We moved house. The new place was OK. I was working half the week as a freelancer, sitting at home day-in day-out like a convalescent. In the new living room, the faithful sun would track across the table and walls like a slow-stroking finger as I sent and received emails, silent repartees. A better person would have found some relief in the glitter of leaf shadows on a freshly-painted living room wall. 

VI

‘Where have you been?’ my flatmate asked a month later. ‘You look radiant.’

When I went to turn the light out at bedtime I still felt a nicotine-like lightness in my fingertips.

VII

In the mornings, when I was off out to the shops or wherever, the couple often left the old place just a moment before me.

‘Quo Vadis?’ He asked her one morning.

She rolled her eyes. ‘Again?’

Or:

‘I don’t really get why they’ve piled on Stacey Dooley,’ she opined. 

‘Mm,’ he replied, midway through a protein bar. 

Their voices rang down the street like children’s. They didn’t listen to themselves, so instead, I did. 

VIII

(Never mind the luminous lavender sunsets, silver moons, red Boston ivy, someone’s daughter perched in her pram creased with laughter, central heating, loved ones, that autumn’s yellow plane trees. This couple was so ugly, then, that nothing was good). 

IX

Back at the food bank, I saw Lorraine again, peeling off white labels with her French tipped nails. We remarked at length on the weather. 

‘You look well,’ she said, her eyes politely dancing down my outfit then back to my face. She smiled. ‘Have you been away?’ 

‘On my salary?’ I laughed. ‘I wish.’ 

‘Doesn’t have to be expensive, does it?’ She smiled, catching my eye.

Of course she was right. There was always a trip back to my parents’. Clichés about sea air blowing cobwebs away held firm. I loved the train ride back to London after a weekend away, a feeling that I’d made a home here.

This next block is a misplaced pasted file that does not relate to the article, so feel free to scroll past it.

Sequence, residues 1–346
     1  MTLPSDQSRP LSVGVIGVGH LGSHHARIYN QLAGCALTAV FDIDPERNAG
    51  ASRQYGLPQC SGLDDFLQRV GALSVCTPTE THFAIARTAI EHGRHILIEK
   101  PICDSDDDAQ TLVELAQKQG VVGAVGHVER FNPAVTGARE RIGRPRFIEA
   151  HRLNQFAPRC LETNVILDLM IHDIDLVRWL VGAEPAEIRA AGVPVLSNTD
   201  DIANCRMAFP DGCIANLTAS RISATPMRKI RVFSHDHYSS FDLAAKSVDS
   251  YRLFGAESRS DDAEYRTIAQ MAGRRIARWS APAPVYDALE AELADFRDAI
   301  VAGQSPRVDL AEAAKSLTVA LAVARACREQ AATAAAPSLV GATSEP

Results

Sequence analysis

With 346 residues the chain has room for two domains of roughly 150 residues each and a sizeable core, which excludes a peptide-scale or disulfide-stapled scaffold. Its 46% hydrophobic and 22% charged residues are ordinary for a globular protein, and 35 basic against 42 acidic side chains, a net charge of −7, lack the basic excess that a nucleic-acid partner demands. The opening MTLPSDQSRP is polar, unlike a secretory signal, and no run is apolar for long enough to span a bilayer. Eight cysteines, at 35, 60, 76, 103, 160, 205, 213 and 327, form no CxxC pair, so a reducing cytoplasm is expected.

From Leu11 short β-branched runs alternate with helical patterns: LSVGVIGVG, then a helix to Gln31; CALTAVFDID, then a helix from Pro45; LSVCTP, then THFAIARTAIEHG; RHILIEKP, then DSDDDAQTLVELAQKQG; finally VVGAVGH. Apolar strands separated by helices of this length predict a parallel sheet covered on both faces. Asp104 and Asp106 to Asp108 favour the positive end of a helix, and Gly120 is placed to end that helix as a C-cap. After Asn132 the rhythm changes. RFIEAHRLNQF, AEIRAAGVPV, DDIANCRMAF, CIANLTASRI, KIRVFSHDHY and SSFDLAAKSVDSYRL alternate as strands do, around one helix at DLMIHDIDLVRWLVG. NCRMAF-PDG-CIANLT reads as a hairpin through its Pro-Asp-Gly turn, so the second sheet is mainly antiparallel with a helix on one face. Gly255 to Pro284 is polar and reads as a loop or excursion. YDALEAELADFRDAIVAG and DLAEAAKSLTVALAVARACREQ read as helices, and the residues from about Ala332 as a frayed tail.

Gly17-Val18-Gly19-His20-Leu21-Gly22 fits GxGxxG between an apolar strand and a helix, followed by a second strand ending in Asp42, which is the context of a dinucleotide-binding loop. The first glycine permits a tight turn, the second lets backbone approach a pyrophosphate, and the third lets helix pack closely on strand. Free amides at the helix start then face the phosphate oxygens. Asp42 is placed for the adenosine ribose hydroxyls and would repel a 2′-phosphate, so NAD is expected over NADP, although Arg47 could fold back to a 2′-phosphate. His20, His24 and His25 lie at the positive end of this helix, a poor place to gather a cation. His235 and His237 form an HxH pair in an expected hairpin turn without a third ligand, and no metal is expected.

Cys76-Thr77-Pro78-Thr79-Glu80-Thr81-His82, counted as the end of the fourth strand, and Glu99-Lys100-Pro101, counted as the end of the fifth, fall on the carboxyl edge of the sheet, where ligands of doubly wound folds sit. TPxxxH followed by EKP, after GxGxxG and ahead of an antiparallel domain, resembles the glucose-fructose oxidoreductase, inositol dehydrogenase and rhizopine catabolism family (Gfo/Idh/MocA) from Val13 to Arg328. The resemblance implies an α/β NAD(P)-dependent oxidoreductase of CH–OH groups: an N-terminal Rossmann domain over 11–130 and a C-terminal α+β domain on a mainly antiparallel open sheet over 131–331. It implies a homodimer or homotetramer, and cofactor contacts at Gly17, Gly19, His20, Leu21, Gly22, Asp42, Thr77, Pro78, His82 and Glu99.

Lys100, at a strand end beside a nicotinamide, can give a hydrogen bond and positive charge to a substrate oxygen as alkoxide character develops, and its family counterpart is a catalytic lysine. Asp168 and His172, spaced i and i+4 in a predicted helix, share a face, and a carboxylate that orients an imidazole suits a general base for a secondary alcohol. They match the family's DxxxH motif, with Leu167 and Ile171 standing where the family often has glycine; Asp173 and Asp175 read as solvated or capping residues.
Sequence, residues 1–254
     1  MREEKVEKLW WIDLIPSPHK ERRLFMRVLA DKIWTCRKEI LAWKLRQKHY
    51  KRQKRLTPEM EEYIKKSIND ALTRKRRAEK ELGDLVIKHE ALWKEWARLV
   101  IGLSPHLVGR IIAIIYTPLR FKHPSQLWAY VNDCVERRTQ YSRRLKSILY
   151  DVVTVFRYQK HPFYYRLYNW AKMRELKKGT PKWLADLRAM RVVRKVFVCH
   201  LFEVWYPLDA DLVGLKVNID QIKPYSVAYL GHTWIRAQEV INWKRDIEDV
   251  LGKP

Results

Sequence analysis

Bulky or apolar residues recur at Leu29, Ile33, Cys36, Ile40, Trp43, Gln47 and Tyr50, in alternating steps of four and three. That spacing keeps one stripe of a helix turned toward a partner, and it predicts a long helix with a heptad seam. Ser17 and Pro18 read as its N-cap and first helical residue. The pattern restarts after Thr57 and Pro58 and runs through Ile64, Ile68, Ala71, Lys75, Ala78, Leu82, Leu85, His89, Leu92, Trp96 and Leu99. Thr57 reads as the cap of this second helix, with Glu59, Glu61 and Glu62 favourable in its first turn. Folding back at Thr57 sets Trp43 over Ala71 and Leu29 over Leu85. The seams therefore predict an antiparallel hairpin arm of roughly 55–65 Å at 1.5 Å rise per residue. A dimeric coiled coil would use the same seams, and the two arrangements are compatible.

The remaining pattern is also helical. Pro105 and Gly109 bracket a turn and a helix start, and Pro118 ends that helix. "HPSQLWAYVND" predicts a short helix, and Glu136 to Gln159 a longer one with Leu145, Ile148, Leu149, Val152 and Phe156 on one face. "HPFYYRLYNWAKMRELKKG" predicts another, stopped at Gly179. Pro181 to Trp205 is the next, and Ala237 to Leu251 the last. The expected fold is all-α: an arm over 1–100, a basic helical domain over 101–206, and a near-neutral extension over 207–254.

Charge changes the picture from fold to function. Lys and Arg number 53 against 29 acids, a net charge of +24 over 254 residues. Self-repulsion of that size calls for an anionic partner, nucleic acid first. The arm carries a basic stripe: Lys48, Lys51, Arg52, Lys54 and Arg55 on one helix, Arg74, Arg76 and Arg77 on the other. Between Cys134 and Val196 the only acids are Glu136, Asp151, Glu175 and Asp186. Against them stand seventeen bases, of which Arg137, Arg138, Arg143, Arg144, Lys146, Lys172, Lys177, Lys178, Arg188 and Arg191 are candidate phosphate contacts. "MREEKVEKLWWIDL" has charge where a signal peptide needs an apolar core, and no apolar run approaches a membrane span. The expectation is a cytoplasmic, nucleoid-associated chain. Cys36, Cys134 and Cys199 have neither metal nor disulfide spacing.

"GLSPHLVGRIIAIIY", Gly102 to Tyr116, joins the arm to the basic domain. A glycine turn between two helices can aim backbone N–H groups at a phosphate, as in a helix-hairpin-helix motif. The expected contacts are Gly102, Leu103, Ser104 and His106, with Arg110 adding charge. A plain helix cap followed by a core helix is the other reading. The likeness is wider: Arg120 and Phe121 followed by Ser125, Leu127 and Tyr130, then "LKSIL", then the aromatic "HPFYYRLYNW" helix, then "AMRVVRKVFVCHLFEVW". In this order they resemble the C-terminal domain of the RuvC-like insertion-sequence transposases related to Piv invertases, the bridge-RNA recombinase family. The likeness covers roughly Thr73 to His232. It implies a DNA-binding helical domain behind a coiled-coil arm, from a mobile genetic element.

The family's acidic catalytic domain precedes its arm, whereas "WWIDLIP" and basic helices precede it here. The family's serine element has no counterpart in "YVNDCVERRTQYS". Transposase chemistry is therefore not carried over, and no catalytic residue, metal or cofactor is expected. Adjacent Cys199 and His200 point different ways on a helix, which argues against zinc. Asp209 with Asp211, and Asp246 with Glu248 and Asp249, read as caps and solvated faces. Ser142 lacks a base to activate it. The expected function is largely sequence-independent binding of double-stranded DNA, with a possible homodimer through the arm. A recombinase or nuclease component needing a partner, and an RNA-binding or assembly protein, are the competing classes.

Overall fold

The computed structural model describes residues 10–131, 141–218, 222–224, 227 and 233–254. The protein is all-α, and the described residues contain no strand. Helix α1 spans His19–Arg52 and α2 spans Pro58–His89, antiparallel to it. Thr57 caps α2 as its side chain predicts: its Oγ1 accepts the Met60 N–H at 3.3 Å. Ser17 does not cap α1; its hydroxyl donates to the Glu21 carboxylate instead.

I thought about going to the sea. I was doing so well for a while, then. I managed to go for weeks hardly looking at the flat. I shopped, I danced, I dated. But like an incredible kiss, the memory of it kept coming back to me at night. I began to blush when I walked past it to the shops or the tube, fantasising about the key in the lock. On a very drunken night bus, I could finally hear a voice inside me, whispering: you are not like the others.

X

I didn’t mean any harm by what I did to them. I just started to knock at the old flat during the day. 8am, 6pm: when they were in, they would hand my post back. 

Through the doorway I gazed in at my ex-home. Furniture stood draped in ghostly sheets. 

By knocking, I discovered they were both out between about 8.45am and 6.20pm, Mondays, Tuesdays and Thursdays. So one day, I took my keys. Sweat sobbed from my palms as I walked past half a dozen houses to the old place. The paint on the gate was still chipped, and spiders still clung to the undersides of the window ledges. I put the Yale to the lock, like always, and fumbled like it was the first time. With a shocking crack, the door moved just a millimetre when I pressed. I hulked against it twice before remembering the deadlock. By then it felt like my heart had dropped onto the welcome mat. I backed off its Helvetica HELLO and walked away. Cowardice gnawed my guts. 

But after that, it was easy. Inside, I turned the heating off, spat in the milk, rearranged their shoes and stole a housewarming card. Closing my old door afterwards, my heart thrummed.